The key variable, which links the NLSY data set with the interviewer characteristics data set, is INTCHARS_INT_ID. This ID variable is often similar but not necessarily identical to the Interviewer ID variable, which is entered in the questionnaire and can be found on the NLSY79 public use data set for many years. INTCHARS_INT_ID is a constructed longitudinal variable that allow identification of cases interviewed by the same person over time. The previous version of the longitudinal interviewer ID, upon which the improved INTCHARS_INT_ID is based, was constructed using the following steps:

  • First, the NLSY interviewer ID for all years prior to 1996 is divided by ten to truncate the last digit. This last digit was used to cluster interviewers together and the digit was not used in the NORC interviewer characteristics database. IDs for 1996 and 1998 do not have this last digit.
  • Second, each ID was then run through the list of all known interviewers who changed their ID. Interviewers changed their ID if they moved to different states, were promoted or demoted. Only a partial list of interviewers who changed their ID is available, so there is no year when the characteristics of all interviewers are known. However, even if all the characteristics of an interviewer are not known, efforts were made to create a consistent ID number since a researcher might be interested in knowing who interviewed whom from year to year even if other information like sex is not available.
  • Third, for all surveys after 2002, all NLSY79 interviewers were given new round-specific project IDs, whether or not they had previously participated in the project. These project IDs were primarily used as the 2002 longitudinal id, creating a significant number of breaks in the continuous record of contact for some interviewers who already had an ID assigned.

The resulting ID was then used to search for each identified interviewer's characteristics from one of the two sources (1979-2000 or 2002-present) noted earlier. While most IDs match, some do not. That number is relatively small in most years. Readers should note that most interviewers interviewed multiple respondents, so not finding even a single interviewer's characteristics in the data sources can affect the number of cases missing interviewer characteristics dramatically.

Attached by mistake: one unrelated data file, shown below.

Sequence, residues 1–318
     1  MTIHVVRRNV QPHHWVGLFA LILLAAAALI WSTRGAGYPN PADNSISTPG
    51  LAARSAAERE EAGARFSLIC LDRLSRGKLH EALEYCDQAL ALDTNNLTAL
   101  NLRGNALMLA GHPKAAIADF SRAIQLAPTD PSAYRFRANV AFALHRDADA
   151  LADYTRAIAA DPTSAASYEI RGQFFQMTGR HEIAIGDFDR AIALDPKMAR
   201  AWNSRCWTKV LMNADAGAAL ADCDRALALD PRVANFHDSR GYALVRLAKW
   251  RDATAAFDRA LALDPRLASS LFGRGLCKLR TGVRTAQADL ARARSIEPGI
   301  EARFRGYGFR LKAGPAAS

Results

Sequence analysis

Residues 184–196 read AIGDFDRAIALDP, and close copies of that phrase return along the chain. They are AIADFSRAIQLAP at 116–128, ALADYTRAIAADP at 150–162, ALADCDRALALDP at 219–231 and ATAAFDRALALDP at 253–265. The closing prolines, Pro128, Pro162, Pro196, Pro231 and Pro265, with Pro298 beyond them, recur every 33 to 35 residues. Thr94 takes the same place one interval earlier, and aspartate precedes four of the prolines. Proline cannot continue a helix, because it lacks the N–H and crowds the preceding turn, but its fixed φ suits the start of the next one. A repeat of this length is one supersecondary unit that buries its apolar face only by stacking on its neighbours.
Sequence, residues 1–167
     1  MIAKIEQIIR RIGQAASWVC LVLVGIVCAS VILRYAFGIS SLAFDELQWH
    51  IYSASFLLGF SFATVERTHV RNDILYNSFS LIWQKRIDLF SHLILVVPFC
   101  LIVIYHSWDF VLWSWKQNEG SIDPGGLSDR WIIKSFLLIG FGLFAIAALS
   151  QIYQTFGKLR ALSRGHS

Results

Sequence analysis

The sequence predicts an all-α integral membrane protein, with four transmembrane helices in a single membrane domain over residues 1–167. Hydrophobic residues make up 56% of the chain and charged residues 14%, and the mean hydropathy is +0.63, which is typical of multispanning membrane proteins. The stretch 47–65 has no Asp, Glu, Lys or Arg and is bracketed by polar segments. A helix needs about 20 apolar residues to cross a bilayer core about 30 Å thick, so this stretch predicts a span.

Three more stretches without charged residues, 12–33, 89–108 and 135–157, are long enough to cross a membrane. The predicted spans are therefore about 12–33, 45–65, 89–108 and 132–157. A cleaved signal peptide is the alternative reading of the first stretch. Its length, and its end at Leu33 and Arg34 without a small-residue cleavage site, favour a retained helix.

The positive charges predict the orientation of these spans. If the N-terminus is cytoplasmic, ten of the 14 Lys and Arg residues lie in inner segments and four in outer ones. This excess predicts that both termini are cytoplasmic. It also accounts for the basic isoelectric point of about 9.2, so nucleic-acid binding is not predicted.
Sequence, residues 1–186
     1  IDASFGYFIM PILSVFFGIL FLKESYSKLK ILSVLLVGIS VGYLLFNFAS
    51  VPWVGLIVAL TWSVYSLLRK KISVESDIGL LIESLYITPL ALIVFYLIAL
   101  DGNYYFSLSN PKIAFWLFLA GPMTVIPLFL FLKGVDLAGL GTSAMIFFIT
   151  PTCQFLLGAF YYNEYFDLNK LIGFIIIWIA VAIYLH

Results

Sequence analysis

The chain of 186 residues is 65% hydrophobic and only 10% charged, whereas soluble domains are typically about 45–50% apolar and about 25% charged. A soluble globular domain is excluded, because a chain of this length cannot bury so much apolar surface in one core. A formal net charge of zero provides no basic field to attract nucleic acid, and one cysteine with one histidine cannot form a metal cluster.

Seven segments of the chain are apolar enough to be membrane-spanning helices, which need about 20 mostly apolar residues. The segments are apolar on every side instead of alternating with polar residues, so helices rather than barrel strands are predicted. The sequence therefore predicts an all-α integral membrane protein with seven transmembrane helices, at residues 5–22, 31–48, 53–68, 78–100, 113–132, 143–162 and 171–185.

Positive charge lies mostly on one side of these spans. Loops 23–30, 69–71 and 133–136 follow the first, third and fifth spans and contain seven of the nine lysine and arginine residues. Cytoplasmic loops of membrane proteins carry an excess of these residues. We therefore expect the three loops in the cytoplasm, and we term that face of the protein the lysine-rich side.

Table 1. Interviewers Identified in NORC database by Survey Year

Year # of Respondents Interviewed # of Interviewers Matched
Percentage Not Matched
1979 12686 9838 22.4%
1980 12141 11200 7.8%
1981 12195 11850 2.8%
1982 12123 11736 3.2%
1983 12221 11980 2.0%
1984 12069 11585 4.0%
1985 10894 10850 0.4%
1986 10655 10560 1.0%
1987 10485 10485 0.0%
1988 10465 10386 10.2%
1989 10605 9906 6.6%
1990 10436 9321 10.7%
1991 9018 8933 1.0%
1992 9016 8947 0.3%
1993 9011 8933 1.0%
1994 8891 8701 2.1%
1996 8636 8050 6.8%
1998 8399 8302 1.2%
2000 8033 7814 2.7%
2002 7726 7723 0.0%
2004 7661 6851 10.6%
2006 7654 7328 4.3%
2008 7757 7742 0.1%
2010 7565 7559 0.0%
2012 7301 7293 0.1%
2014 7071 6977 1.3%

Other Interviewer Characteristics Variables

This section describes other variables available beyond the Interviewer's ID (INTCHARS_INT_ID).

Variables Available for Survey Years 1979-2014

Interviewer Count (INTCHARS_YRSINTR)

This counts the number of years the interviewer has interviewed the respondent, including the current survey year. Note that as telephone interviews become more prevalent, the number of first-time interviews expands considerably, as most interviewers are not assigned to specific cases year after year.

Interviewer Race (INTCHARS_RACE)

-3 = missing

Interviewer Sex (INTCHARS_SEX)

1 = MALE
-3 = missing

Interviewer Age (INTCHARS_AGE)

Age of the interviewer in the interview year, calculated as ([survey year]-[interviewer’s year of birth])
-3 = missing

Interviewer Education (INTCHARS_EDUCATION)

1 = Grade 0-8
2 = Grade 9-11
3 = High School Graduate
4 = Vocational degree
5 = Some College
6 = College Graduate
7 = Graduate School
8 = Masters Degree
9 = Professional Degree
0 = Other